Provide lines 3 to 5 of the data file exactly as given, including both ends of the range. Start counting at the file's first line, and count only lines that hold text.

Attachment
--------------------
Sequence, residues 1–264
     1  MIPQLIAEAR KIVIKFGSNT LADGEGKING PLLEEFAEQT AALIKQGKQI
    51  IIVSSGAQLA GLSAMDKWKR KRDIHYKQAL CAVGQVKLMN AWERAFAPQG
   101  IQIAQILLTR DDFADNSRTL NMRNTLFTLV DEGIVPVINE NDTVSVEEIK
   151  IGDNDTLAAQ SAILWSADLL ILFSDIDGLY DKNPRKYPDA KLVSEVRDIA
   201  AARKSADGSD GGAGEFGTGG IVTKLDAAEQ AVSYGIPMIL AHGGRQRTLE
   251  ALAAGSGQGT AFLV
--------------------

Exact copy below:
    51  IIVSSGAQLA GLSAMDKWKR KRDIHYKQAL CAVGQVKLMN AWERAFAPQG
   101  IQIAQILLTR DDFADNSRTL NMRNTLFTLV DEGIVPVINE NDTVSVEEIK
   151  IGDNDTLAAQ SAILWSADLL ILFSDIDGLY DKNPRKYPDA KLVSEVRDIA